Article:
A Chair, Stupid BSL and Saving 3 Lovabull Pit Bulls
We first got Bella when I was eighteen (7 years ago). She and her siblings were “for sale” in the paper. This was before I developed my “adopt don’t shop” belief. When we called the number, they said they only had one left, and they would give us a discount. We ended up paying $75. That was the best $75 I ever spent!
Bella was a very serious puppy. She wasn’t very playful, but we soon learned that she was very loyal. Even now, when a stranger approaches, she checks our reactions to see if we think they are okay or if she should bark. She happens to favor older people. She always picks out the oldest person in the group to seek attention from. I think it’s because she was born an old, gentle soul.
Five years after we got Bella, I was doing my student teaching in Bluefield, Virginia. I had a snow day that day, and I went to the college to turn in some papers. The secretary of the education department said, “Hannah, you have to stay a few minutes and see these rescue puppies.” I agreed to stay because I’m always up for puppy kisses.
The lady that brought them in was a professor at the college. She had taken her trash to the dumpster in the middle of a freak snow storm we had in October. When she got out of her vehicle, an underweight pitbull approached her, practically asking to be rescued. So she did and found out that the underweight dog was also newly pregnant. She was determined that she would find each and everyone of the puppies a loving home. The puppies were brought in and all of them were beautiful. I lovingly held one after the other. I wasn’t planning on taking a puppy home that day, but Opie’s big blue eyes (now green) and vocal manner won me over. I was nervous about introducing him to Bella, but she acted like he was her puppy right from the start.
Shortly after that, we had to move because of BSL in Bluefield, West Virginia. The city said that if you registered your pitbull, they would be “grandfathered in”. However, I didn’t feel okay with that. I certainly didn’t feel okay walking Opie and Bella with a muzzle. All other pitbulls would be seized and taken to the shelter. There were a lot of stray dogs – not just pitbulls, but random neglected dogs as well. I felt that a muzzle would leave mine powerless if we were approached by one on our walk. So, we moved. Due to BSL, Mercer Co. Animal Shelter was/ is over run with pitbulls. I felt that I had to do something to save at least one from being euthanized. I sent my husband first because I knew I wouldn’t be able to say “no” to that many sad eyes.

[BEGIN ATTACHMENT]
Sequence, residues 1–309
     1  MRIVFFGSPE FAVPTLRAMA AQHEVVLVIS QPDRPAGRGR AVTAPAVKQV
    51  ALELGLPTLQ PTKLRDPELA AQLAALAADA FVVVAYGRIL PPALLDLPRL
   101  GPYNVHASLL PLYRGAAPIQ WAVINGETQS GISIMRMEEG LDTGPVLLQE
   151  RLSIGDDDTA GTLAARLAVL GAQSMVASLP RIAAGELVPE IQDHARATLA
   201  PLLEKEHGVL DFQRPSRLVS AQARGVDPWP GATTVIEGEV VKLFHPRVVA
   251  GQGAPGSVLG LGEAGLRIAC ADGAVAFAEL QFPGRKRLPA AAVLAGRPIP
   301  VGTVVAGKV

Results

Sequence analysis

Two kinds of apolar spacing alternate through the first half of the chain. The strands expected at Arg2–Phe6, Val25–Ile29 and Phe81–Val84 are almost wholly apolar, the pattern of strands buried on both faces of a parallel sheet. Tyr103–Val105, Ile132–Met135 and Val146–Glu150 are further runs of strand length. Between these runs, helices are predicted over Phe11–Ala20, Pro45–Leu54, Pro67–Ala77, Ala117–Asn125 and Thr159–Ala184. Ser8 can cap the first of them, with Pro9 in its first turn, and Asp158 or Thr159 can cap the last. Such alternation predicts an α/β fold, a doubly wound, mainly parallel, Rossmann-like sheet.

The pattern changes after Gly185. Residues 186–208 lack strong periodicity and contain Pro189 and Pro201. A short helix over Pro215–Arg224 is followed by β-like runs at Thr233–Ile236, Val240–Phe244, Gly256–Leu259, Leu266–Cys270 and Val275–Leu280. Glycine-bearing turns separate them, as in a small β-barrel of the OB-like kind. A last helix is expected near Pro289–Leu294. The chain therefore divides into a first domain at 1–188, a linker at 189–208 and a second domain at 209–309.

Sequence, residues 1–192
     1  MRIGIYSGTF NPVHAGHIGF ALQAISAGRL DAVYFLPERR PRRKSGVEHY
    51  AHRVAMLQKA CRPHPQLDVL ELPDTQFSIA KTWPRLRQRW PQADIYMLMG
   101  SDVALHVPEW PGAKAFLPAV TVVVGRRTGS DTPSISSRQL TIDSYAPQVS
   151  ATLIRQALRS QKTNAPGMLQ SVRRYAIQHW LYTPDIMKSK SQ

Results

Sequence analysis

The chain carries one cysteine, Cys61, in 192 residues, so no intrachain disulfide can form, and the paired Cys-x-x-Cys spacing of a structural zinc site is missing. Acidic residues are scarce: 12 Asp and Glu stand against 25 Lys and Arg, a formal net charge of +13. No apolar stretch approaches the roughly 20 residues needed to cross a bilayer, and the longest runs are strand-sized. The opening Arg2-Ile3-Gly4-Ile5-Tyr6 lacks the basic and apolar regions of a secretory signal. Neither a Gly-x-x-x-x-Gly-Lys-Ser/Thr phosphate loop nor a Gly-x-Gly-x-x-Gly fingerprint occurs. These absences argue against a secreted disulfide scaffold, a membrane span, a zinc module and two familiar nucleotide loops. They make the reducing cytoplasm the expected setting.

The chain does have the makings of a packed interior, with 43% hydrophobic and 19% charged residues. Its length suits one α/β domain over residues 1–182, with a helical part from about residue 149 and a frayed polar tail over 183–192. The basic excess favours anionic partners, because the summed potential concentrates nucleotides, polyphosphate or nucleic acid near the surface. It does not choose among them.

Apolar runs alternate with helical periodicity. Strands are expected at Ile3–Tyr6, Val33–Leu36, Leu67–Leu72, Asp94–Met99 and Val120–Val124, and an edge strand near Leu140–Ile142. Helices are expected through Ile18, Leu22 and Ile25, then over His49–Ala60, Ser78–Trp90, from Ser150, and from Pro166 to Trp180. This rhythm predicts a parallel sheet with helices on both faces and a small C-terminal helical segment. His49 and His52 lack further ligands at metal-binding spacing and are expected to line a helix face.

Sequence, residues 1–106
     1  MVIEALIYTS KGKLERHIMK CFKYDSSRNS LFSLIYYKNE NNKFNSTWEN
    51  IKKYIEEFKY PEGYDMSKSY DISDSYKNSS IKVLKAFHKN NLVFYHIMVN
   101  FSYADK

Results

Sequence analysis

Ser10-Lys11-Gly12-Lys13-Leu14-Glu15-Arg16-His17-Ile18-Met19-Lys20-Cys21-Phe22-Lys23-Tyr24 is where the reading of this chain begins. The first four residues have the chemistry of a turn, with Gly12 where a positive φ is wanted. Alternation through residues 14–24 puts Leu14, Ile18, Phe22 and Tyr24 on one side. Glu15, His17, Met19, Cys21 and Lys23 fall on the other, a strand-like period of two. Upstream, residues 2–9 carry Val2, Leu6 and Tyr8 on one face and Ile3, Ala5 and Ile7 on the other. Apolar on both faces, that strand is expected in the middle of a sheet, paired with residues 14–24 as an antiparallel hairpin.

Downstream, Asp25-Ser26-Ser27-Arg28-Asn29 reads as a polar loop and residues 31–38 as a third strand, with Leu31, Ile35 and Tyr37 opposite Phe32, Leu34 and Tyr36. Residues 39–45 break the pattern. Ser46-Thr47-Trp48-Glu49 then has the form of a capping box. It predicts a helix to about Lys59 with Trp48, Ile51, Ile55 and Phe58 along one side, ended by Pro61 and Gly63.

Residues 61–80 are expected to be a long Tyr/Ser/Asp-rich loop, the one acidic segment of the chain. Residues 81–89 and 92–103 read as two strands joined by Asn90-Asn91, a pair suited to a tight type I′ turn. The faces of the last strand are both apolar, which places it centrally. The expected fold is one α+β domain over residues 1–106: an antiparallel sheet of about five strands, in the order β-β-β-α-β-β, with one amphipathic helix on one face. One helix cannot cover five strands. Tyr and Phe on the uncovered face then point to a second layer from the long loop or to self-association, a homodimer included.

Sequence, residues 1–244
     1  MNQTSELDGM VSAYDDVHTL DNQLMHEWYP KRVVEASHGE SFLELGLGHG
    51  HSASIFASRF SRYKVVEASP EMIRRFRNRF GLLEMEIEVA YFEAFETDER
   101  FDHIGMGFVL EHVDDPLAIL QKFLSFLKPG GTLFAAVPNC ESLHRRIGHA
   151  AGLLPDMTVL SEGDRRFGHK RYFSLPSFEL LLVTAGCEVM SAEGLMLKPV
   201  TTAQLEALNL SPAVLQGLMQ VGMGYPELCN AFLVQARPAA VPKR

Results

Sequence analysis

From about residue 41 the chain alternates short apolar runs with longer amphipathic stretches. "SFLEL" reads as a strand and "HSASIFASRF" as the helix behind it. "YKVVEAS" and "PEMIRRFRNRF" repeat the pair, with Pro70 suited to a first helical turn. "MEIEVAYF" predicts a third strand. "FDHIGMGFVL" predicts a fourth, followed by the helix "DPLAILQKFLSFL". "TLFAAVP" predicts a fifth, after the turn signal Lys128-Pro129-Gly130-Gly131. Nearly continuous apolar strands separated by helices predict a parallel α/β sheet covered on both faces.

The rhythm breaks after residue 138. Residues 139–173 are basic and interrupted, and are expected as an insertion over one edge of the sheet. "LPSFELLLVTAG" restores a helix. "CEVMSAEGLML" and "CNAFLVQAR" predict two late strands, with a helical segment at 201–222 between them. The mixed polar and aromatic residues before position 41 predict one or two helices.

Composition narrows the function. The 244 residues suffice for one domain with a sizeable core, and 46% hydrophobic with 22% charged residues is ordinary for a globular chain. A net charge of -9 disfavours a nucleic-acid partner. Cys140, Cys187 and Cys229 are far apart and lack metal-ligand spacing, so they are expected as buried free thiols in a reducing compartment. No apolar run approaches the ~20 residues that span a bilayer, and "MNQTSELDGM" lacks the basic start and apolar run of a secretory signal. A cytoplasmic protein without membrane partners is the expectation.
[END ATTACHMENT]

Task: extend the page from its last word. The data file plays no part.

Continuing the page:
He called me from the shelter. We had decided before that we didn’t want another puppy. Puppies are cute, but they are a lot of work! He told me about this little brindle pitbull that belly crawled her way to him from the back of her kennel. Ember was an owner surrender. The people were moving and decided they couldn’t keep her any more.
She had tiny scars on her face. I went to see her and my husband and I sat with her in a tiny room. She belly crawled her way to us. If we reached too fast for her, she would shy away, and we’d have to start the process all over again. I went to see her every day until her holding period was up. Belly crawling still continued, but she became so happy when I appeared in front of her kennel.
We picked her up from the vet’s office after she was spayed and brought her home. At first, she was none too sure about Opie and Bella. She would growl and snap (out of fright) every time they approached. Opie finally stretched out in front of her, rolled on his side, and stuck his paw out to her face. The change in Ember’s demeanor was evident. Ember decided that we were safe, and so was she.
Right now, my three are working on their CGCs. The process has been almost a year because they were adult dogs when I started and there are three of them and one of me. However, people are so impressed by how well behaved and friendly they are. They shouldn’t be because pitbulls were born inherently good.
Story by @3pitsinachair.
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